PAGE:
Eating spicy foods is a bit of an art form, a delicate dance in the beauty of the burn. Or is tempting fate with chile-laced snacks more of an athletic feat—a bravura display of willpower, strength, and determination in tackling the heat? (Or just plain ignorance.)

Maybe it's an equal balance of both perspectives: An art form in knowing just how to hit the heat; an athletic maneuver in actually executing your game-plan. Having that baseline understanding is especially helpful in this modern hot-sauce landscape, where hot sauce sommeliers armed with knowledge about Oleoresin Capsicum are the new cognoscenti. As America's spice wars continue to ramp up, and hot chicken dominates headlines all over the country, "Scovilles" are no longer an esoteric measurement.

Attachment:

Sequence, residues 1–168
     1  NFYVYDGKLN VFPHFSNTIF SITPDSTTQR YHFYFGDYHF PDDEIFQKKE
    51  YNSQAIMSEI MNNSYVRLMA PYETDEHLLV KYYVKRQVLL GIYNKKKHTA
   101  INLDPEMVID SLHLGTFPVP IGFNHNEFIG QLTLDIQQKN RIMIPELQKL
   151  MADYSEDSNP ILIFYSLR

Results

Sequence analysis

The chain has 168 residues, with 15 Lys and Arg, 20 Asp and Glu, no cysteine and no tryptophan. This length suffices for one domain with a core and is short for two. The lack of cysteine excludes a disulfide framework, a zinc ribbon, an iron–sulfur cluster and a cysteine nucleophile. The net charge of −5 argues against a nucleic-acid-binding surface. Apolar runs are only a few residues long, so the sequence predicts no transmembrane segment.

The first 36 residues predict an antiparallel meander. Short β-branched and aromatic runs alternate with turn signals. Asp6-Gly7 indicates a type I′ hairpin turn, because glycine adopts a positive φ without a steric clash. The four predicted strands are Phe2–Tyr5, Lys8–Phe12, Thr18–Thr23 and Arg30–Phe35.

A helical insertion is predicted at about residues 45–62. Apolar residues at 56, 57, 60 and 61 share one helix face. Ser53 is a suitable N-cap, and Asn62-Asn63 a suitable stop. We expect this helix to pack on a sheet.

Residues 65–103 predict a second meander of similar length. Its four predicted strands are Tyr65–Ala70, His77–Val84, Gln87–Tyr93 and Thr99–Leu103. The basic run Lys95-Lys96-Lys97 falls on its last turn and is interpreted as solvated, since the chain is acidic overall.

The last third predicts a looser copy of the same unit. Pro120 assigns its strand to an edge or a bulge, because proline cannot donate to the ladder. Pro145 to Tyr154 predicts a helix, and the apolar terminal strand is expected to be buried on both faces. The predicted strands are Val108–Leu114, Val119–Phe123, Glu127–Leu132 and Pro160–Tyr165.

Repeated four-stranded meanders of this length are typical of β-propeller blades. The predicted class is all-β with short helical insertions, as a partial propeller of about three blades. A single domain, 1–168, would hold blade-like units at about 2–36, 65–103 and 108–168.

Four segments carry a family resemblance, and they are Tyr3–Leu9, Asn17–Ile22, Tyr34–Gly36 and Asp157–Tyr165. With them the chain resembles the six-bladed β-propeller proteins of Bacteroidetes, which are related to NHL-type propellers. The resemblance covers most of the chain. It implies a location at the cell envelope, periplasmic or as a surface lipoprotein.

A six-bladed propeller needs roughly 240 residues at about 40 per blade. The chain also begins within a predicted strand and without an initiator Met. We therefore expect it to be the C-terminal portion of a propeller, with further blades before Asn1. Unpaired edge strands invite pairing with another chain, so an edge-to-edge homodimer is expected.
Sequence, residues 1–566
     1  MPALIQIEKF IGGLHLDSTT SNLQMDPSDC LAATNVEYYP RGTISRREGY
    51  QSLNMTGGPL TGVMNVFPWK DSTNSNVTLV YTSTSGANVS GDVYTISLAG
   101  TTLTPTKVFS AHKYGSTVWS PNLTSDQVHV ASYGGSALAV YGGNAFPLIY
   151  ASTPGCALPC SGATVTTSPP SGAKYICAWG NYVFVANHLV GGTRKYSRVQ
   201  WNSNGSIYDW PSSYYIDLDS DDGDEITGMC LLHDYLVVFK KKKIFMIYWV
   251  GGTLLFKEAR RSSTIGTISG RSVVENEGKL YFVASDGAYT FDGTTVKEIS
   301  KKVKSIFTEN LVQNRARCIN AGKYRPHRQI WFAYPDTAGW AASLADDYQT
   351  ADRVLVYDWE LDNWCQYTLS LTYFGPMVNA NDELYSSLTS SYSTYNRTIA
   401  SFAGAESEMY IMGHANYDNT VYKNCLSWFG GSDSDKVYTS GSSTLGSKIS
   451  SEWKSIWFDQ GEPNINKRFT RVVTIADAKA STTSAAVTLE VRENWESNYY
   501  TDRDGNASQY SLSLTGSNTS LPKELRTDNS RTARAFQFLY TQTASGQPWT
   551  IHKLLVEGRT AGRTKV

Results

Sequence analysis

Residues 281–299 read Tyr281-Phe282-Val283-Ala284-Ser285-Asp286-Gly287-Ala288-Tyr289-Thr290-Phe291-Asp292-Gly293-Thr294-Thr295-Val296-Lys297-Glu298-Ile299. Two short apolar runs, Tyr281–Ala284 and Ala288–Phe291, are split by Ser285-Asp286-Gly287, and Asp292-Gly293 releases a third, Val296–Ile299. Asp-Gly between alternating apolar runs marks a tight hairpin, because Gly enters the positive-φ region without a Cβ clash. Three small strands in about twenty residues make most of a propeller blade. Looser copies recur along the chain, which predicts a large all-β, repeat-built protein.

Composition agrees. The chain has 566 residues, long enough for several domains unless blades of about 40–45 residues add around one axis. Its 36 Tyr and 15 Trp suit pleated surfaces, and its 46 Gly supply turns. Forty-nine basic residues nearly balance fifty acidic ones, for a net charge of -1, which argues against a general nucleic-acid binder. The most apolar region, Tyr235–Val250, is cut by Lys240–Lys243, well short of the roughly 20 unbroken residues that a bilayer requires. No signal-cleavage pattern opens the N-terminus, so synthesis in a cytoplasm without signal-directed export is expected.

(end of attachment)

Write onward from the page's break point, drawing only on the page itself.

In reality though, eating spicy foods is usually more of a “what works, works” for each individual person. Personally, I like using bitter, double IPAs to cool down the heat, something the nerds in lab coats would tell you is antithetical to the cause. Capsaicin—the active heat component of chili peppers—is not fully soluble in beer, and thus should, in theory, cause the heat to spread throughout your mouth and body with the flow of the liquid.

I know those are the facts, but the fact for me is that the prickly, dank hops of an IPA usually overpowers the spice of the Indian food or jalapenos or million-Scoville hot sauces—not just cooling my mouth down, but making for a nice flavor pairing as well.

But I’m no expert.

Which is why we turned to some actual veterans of the scene—luminaries in the field of hot sauce design and hot food indulgence—to breakdown their game plan for tackling heat.